CROFTON — Editor: In my Perspective article, ''Forging Unity Takes More Than Yellow Ribbons'' (The Sunday Sun, June 30), an error occurred in the course of editing my submission.
The statement that ''18-year-olds six weeks from civilian life were thrown into the breach'' is incorrect. My original draft described a Pentagon meeting at Christmastime 1944 at which it was stated that ''there is to be no publicity given to our latest measure expediting replacements'' whereby men from the armed forces were receiving only six weeks of infantry replacement training. The 18-year-olds were receiving from 13 to 17 weeks of infantry basic training before shipping out.
FOR THE RECORD - CORRECTION
& Richard E. Engler, Jr.
Crofton -- The flush of victory in the wake of the gulf war has brought on a wave of national celebrations honoring not only those who served, and especially those who fell, but honoring also that sense of strong support, if not total unity, that prevailed as the displays of flags and yellow ribbons flourished.
Some may reflect that this was the first time since World War II that such unity in wartime had been manifested in our country. Certainly the young have been taught that in that other ''good war'' Americans stood shoulder to shoulder, ready to share the sacrifices in opposing the enemies of freedom. Perhaps the ''teachers'' should re-examine their memories.
My own memory was jarred a few years ago when I finally got back to places in France that had haunted me for over 40 years with scenes of remembered fire and cold and terror. At the American cemetery at St. Avold, in Alsace, I was seeking the graves of two of the youngest members of my old infantry company: teen-agers who fell during our first attack in the last winter of World War II. Walter and Henry; they lay almost side by side. I hadn't known them very well. None of us had had much time to become close friends. It was doubtless the fortunes of war that took them at so young an age while others of us were spared. I still feel they could have had a better chance.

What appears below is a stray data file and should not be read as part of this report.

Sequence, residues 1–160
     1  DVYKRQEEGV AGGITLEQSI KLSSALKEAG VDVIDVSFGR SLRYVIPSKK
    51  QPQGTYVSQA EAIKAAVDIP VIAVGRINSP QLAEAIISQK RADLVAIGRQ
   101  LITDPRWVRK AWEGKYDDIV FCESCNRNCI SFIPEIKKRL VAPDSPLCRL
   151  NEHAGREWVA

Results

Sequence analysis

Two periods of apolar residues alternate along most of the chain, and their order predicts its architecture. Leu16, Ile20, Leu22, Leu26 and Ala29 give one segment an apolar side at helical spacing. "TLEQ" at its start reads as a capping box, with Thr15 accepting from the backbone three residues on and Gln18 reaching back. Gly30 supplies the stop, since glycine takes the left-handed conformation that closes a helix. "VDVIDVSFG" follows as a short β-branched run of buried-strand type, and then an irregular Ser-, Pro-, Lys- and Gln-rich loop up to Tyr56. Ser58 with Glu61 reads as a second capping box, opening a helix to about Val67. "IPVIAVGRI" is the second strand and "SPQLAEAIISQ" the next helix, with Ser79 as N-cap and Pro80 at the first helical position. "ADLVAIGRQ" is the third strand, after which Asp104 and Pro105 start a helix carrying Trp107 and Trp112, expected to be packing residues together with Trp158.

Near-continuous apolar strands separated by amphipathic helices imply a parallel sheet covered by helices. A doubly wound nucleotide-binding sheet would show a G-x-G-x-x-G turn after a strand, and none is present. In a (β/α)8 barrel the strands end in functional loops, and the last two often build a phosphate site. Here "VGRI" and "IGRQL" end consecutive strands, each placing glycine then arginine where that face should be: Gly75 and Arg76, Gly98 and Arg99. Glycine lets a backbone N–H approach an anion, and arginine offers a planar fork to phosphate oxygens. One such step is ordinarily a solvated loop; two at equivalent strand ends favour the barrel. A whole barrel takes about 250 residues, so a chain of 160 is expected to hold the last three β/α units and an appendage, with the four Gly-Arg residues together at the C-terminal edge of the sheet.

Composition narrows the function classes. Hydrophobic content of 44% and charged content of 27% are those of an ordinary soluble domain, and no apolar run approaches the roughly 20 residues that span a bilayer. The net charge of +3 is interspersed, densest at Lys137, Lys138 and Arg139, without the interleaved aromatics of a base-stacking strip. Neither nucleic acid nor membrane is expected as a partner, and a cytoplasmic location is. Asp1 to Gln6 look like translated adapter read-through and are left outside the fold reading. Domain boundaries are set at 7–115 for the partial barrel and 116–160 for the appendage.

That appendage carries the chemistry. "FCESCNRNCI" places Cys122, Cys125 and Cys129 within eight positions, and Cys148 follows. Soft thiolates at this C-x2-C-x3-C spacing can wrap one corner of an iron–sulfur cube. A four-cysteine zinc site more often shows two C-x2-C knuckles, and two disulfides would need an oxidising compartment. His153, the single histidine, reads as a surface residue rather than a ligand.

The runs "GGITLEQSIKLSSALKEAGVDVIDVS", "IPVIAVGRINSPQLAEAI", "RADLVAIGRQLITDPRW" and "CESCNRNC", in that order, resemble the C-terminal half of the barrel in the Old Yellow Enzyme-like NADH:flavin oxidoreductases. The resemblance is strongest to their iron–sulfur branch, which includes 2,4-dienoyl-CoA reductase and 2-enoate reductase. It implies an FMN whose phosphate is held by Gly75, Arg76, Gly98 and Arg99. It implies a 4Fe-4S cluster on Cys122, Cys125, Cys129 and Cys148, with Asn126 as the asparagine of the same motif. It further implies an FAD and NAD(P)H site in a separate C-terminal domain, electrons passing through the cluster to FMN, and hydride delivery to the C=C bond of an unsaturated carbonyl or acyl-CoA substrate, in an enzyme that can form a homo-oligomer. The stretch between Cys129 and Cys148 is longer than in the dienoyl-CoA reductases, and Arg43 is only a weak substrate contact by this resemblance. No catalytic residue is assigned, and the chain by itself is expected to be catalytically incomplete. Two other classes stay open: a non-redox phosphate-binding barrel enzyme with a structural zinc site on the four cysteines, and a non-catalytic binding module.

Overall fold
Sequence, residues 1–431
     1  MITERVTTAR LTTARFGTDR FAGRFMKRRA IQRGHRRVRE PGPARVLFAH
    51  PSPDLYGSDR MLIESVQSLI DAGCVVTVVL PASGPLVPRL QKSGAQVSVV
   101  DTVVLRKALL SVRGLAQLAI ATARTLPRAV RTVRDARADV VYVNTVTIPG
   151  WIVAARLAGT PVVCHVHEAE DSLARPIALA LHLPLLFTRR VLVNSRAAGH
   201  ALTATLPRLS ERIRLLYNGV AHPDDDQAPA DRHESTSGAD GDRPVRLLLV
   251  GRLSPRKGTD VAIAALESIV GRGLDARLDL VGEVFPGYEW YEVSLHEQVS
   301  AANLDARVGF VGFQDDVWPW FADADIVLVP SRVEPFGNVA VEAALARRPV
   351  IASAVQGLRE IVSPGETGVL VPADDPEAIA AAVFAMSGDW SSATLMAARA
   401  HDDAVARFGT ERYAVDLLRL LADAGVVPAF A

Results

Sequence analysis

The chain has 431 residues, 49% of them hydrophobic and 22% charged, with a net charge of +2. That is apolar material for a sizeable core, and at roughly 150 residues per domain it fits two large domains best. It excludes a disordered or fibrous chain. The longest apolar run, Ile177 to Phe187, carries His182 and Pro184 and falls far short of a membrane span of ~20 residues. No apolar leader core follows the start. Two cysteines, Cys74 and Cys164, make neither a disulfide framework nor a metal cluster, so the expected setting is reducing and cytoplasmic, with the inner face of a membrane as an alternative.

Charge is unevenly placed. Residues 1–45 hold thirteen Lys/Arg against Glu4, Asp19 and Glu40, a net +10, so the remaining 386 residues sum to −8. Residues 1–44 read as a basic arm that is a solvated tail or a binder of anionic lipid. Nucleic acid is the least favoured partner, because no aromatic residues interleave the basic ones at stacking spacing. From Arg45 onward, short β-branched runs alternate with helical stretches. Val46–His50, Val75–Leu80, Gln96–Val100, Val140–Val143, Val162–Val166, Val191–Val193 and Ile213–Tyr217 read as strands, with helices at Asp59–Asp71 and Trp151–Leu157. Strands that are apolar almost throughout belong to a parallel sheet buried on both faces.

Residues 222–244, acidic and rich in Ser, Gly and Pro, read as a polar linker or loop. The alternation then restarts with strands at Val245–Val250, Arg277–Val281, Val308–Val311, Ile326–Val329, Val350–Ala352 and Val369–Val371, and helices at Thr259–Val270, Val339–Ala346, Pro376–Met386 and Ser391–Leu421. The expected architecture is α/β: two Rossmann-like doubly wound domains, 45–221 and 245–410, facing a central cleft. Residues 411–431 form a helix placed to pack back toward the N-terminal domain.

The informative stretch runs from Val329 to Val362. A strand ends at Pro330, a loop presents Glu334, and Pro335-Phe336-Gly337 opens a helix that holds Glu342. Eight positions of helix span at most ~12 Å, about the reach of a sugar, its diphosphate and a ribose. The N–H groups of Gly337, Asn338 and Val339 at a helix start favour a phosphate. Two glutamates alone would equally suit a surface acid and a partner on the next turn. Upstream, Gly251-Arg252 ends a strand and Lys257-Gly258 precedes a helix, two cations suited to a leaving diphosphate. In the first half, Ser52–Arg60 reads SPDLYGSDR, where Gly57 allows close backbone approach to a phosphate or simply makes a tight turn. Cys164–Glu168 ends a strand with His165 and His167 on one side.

Walter had called out ''Help me!'' after the German shell sent shrapnel tearing into his chest. But the man he called didn't stop to help; everyone scrambled to get out of that frozen field where the barrage from the 88s was falling. Someone did help Henry, bandaged his wounds and propped him against a tree for the litter bearers -- who never came. In this makeshift attack, without artillery support, the litter bearers were from another regiment. They were strangers. Henry probably froze to death.
How many Americans today know how desperate their country was in the fall of 1944 to find the manpower to bear the rifles that would be needed to achieve victory over Hitler? The nation's mobilization planners were trying frantically to correct their errors of the mid-war years when air power and machines and technician specialists were considered the mostessential ingredients of victory. Now men with rifles were urgently needed: Of eight million men in the Army, only 700,000 were infantry. Yet the machinery of the great war enterprise was heavily staffed -- indeed, overstaffed.
A military analyst for Life magazine, Hanson W. Baldwin, wrote critique in early December that praised some achievements of our armed forces, notably in supply and transportation, but held strong reservations about many other facets of our army's efforts in Europe. Baldwin described the very large staffs formed in Europe at the expense of front-line manpower. He noted that command and headquarters personnel were occupying more than 150 hotels in Paris. ''If the Army sloughed off its excess 'fat,' '' Baldin wrote, ''five to ten more combat divisions might be formed out of this personnel.'' He scathed the ''yesmen in disguise'' who populated those massive staffs, concentrating their energies, he said, on building up ''positions of personal prestige and power, little private empires. . . .''
In our distorted national memory, that point of climax in World War II is recalled as a time of ''all for one and one for all'' on the home front. But it really wasn't that way. Check the newspapers and newsmagazines of that day. In the midst of wartime prosperity, people were eager to pursue the new opportunities the war economy had generated. Worker turnover in war industries was epidemic and brought strong warnings to job switchers that they might be drafted into the military. As politicians and businessmen anticipated reconversion to a civilian economy, ammunition shortages were being reported by our armies in Europe.
Before renewed war production got under way, the enemy lashed out with his great winter counter-offensive: first in the Ardennes, then, on New Year's Eve, in Alsace. And so the half-trained and the almost untrained, the disgruntled specialists-turned-infantrymen and the 18-year-olds six weeks from civilian life were thrown into the breach.